President Eduard Shevardnadze won a wide following in the West when, as the Soviet Union’s foreign minister, he presided over the unraveling of the Warsaw pact and the Soviet empire. He is presiding now less willingly over an unraveling of Georgian sovereignty. All his diplomatic and political skills may not be enough to stop the rot.
Separatists in Abkhazia, who with Russian support expelled some 200,000 ethnic Georgians from their homes in the Gali district in 1993, raided a village occupied largely by Georgian refugees on January 15, killing one and “arresting” others as “terrorists.” Russian troops, in the region as peacekeepers under a mandate that expired at the end of last year, stood by and did nothing.
The Georgian refugees are almost as great a challenge to Shevardnadze as the Abkhaz separatists. The central government in Tbilisi is powerless to secure their return to Gali on its own, and Moscow’s UN veto power dooms Shevardnadze’s efforts to win support for an international peacekeeping force to replace the unwanted (and pro-Abkhaz) Russians. Armed opponents of Shevardnadze’s government, many clan-based, mix with the refugees, whose political demonstrations have become more intense in recent weeks.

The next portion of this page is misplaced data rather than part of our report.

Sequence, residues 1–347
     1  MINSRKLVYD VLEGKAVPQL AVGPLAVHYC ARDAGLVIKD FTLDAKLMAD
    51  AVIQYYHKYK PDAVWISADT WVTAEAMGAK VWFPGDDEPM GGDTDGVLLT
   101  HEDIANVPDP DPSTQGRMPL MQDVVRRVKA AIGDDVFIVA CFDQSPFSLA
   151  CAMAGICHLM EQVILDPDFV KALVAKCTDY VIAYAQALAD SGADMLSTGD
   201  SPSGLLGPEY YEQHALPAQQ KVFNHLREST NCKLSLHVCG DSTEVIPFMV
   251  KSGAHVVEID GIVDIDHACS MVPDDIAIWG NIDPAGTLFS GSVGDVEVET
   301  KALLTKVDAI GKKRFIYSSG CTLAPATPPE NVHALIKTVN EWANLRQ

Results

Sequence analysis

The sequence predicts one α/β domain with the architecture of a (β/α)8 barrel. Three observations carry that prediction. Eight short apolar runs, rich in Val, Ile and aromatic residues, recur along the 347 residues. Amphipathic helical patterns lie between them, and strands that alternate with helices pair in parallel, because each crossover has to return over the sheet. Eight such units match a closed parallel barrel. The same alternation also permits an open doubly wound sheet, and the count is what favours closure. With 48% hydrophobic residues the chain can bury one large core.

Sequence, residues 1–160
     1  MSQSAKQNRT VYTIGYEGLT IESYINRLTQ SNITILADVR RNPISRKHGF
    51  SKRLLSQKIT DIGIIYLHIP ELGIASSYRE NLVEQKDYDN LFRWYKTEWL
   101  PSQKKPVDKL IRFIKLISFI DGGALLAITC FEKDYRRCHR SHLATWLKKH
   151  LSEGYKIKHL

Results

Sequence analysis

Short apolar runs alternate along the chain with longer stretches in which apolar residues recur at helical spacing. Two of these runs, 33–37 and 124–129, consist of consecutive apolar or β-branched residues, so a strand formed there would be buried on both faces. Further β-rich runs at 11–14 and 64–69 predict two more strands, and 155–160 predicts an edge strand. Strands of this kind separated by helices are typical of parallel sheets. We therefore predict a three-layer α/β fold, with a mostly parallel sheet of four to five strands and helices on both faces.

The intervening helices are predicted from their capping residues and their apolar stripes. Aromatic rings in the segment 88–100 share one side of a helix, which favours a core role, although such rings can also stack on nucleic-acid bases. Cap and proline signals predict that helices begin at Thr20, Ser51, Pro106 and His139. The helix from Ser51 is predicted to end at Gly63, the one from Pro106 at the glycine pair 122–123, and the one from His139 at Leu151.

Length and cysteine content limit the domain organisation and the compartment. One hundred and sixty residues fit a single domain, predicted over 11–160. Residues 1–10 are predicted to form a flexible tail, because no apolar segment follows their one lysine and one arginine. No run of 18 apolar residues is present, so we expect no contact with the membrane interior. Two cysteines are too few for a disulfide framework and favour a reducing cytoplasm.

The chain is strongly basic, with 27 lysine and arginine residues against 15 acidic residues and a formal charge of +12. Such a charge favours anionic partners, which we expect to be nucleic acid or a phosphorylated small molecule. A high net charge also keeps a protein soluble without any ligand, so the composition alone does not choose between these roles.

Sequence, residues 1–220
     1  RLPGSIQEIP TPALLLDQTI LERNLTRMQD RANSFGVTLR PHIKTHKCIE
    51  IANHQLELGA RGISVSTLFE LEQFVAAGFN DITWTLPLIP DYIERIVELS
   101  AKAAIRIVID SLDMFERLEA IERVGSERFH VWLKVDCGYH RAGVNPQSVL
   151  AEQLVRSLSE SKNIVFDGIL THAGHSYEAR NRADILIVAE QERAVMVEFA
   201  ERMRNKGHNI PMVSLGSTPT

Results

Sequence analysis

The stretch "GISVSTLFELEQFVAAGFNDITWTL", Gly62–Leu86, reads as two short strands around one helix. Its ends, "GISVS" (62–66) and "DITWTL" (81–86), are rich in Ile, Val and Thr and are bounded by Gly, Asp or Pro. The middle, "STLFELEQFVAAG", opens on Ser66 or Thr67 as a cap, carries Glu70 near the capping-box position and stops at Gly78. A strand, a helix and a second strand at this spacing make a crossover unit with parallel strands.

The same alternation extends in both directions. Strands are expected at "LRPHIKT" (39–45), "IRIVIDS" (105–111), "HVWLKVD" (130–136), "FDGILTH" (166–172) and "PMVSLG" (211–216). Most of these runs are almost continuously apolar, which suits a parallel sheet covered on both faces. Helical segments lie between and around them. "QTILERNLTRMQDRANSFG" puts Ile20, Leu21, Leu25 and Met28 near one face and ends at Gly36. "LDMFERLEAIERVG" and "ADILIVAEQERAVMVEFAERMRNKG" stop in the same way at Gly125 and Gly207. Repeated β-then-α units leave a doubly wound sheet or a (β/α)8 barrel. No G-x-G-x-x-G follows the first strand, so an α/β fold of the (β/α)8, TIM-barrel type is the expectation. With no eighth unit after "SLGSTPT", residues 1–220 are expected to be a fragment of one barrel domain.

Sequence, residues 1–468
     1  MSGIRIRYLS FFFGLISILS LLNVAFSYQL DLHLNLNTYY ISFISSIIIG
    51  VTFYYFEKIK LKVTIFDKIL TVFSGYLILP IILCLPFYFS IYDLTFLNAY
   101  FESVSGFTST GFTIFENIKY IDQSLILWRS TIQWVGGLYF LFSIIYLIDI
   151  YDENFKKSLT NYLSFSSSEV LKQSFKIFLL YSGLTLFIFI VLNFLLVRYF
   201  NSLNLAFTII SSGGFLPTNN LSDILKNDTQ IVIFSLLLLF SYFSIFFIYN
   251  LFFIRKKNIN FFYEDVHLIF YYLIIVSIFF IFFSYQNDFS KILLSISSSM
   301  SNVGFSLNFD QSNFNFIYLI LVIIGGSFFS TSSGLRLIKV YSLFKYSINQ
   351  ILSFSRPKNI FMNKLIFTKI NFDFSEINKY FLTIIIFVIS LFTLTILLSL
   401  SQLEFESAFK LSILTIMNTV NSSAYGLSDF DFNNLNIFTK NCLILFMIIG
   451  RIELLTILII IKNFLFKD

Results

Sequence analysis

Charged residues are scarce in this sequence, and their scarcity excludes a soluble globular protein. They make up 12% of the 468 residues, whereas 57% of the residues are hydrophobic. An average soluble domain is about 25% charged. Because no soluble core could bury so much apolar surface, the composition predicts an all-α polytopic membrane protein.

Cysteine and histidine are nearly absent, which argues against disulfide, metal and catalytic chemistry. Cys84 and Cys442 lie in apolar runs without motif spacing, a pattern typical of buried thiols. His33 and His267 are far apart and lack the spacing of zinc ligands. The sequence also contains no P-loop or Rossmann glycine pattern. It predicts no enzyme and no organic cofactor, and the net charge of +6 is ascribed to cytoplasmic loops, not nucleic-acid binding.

Georgian sovereignty is under attack as well in the Pankisi Gorge, on Georgia’s border with Chechnya. Russian aircraft periodically bomb and strafe the gorge, which Russia claims is a Chechen rebel staging area. Shevardnadze, who acknowledges the region’s lawlessness but denies the Russian charge, ordered troops into the gorge to break the grip of Chechen-dominated bands who live by kidnapping and the drug trade.
Corruption, lawlessness and Russian mischief are destroying the economy. Income per capita is under $600, compared to about $1,800 in Russia. Energy supplies are erratic. Taxes go unpaid. State assets offered for sale find few bidders. The country has a budget deficit, a trade deficit, and almost no foreign-exchange reserves. Only support from the International Monetary Fund and the World Bank keeps the government from financial crisis. That too is a drain on Georgian sovereignty.